| Second Thoughts |

Rejoice in Trembling

This classic debate has only intensified today with the Hamas captive deal



The hidden meaning of that mysterious, heavily laden phrase in Tehillim 2:11, gilu bir’adah, “rejoice in trembling,” has always eluded me.

Until now. With the hostage exchange, I am beginning to perceive a glimmer of understanding. We are joyous at the release of some hostages, while simultaneously trembling with worry about the price we paid, and fearful of the long-term consequences of this pact with the devil.

For Israel, where the value of human life is paramount, there was little choice, even though the pause was totally to Hamas’s advantage, destroying our momentum and enabling them to regroup and rearm. And everyone knows that the freeing of terrorist murderers from Israeli jails will come back to haunt us, as was true of previous exchanges.

Among the more painful aspects of all this is that not only has much of the world forgotten about the hideous slaughter of October 7, but in their eyes there is an equivalency in this exchange: “your prisoners for my prisoners.” World leaders and media, either maliciously or ignorantly, seem unaware that the trade involves “my innocent women and children who were brutally tortured and kidnapped against international law, for your convicted terrorists and murderers.”

Of course, kidnapping and subsequent dickering about ransom has a long history and has always been a lucrative gold mine for tyrannical authorities and unscrupulous criminals. Jewish history being what it is, negotiations with captors, a process known as pidyon shevuyim, the redemption of captives, is nothing new. It is a major topic in halachic literature, and, in fact, the Talmud (Bava Basra 7b) refers to it as one of the greatest mitzvos. The major decisors codify it in great detail, and Maimonides in his monumental code clearly says that that “anyone who averts his eyes from [i.e., tries to avoid] pidyon shevuyim is guilty of violating several Torah commandments” (Matnos Aniyim 8:10). And Taz and Shach, the classic interpreters of the Shulchan Aruch, write that we must even sell a sefer Torah if needed to raise the ransom money (Yoreh Deiah 252).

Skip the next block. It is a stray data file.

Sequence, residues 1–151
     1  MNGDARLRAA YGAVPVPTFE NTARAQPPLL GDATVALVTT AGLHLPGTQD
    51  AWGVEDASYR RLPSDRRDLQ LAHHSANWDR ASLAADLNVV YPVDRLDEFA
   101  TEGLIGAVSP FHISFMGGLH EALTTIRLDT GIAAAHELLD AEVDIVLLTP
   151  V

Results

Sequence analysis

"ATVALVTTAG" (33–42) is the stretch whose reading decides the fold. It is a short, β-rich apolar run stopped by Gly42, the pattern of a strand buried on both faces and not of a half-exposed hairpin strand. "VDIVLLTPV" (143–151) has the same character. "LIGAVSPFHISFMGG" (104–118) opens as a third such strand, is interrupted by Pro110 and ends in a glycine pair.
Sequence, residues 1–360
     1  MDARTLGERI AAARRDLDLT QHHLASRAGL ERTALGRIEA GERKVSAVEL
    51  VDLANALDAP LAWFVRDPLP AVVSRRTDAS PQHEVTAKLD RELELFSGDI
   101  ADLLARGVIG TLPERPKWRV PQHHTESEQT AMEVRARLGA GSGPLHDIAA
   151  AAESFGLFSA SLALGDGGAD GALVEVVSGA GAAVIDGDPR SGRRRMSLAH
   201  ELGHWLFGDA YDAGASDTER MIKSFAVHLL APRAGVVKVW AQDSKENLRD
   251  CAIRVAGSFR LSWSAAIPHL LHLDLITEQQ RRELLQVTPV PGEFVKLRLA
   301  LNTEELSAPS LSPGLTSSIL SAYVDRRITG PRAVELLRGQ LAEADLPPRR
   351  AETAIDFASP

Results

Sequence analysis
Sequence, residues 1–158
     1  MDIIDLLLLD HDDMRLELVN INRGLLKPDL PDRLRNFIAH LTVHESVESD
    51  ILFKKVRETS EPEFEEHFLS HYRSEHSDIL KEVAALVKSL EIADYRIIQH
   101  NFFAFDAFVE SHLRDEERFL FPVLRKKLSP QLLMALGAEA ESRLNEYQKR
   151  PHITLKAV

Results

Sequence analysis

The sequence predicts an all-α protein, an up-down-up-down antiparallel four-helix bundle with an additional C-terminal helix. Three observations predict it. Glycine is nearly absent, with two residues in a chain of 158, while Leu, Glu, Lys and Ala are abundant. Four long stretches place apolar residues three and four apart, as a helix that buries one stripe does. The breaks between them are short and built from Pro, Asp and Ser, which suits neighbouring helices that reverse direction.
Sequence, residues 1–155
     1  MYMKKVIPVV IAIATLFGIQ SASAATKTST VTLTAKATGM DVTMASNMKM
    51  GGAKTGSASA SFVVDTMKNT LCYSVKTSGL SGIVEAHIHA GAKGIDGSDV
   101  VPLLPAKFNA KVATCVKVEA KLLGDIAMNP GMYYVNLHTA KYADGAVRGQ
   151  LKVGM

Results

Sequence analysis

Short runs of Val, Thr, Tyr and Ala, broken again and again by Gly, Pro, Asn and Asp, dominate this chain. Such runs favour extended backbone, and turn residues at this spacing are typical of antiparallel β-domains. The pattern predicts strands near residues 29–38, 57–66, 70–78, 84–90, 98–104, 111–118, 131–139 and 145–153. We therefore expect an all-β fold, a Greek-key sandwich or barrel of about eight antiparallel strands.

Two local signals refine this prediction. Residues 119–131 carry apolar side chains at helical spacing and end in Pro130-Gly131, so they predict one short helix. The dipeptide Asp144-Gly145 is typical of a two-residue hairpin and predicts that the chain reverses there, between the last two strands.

But halachah has a famous caveat: The Talmud in Gittin 45, warns that “we should not ransom captives for more than their value, mipnei tikun ha’olam, for the sake of the public good” (literally, “for the repair of the world”). That is, we are warned against meeting extortionist demands by the kidnappers, because this will only encourage further kidnapping and more extortion.

Fast-forward to November 2023, when a freed terrorist called for more kidnapping of Jews, “so that more terrorist ‘heroes’ might be released from Israeli jails.”

The famous story of Rav Meir of Rothenburg (1215–1293) is instructive. The celebrated German Talmudist and halachic decisor was arbitrarily imprisoned by the ruling authorities, and was held for an exorbitant ransom. The Jewish community was prepared to raise the money and pay the ransom for their revered leader, but Rav Meir refused to allow it, on the grounds of tikkun olam — i.e., not to encourage the kidnapping of other Torah scholars. As a result, he was never released from captivity and died there many years later, in 1293. (His captors even refused to relinquish his body until a new extortionist sum was paid.)

For the last 700 years, rabbinic scholars have grappled with this episode. Was Rav Meir, the leading scholar of his generation, justified in risking his life in order to maintain the principle of tikkun olam, or should he have relented in order to continue his invaluable teaching and guidance? Is not the presence of a great teacher also a matter of the public good that might override the fear of future extortions?

This classic debate has only intensified today with the Hamas captive deal. Even though this hostage deal certainly strengthens Hamas and encourages future kidnappings, do we have the right to condemn fellow Jews to life in captivity or worse, when we have the opportunity to redeem them?

This is both an ethical and a strategic dilemma, a zero-option situation that leads only to anguish whichever way we turn, a struggle between the mind and the heart, an issue which only a Sanhedrin or prophet of G-d can resolve.

In the interim, with open joy and hidden trembling, we warmly welcome home the freed captives. And in the merit of Chanukah we earnestly pray that just as the issue of ransoming captives has not changed in a thousand years, so also may G-d’s relationship to His people not change, and may He Who “asah nissim la’avoseinu bayamim haheim — Who performed miracles for our forefathers in those days” also perform miracles for us “bizman hazeh — in this season.”

We can certainly use one or two — even hidden, unseen ones.


(Originally featured in Mishpacha, Issue 990)

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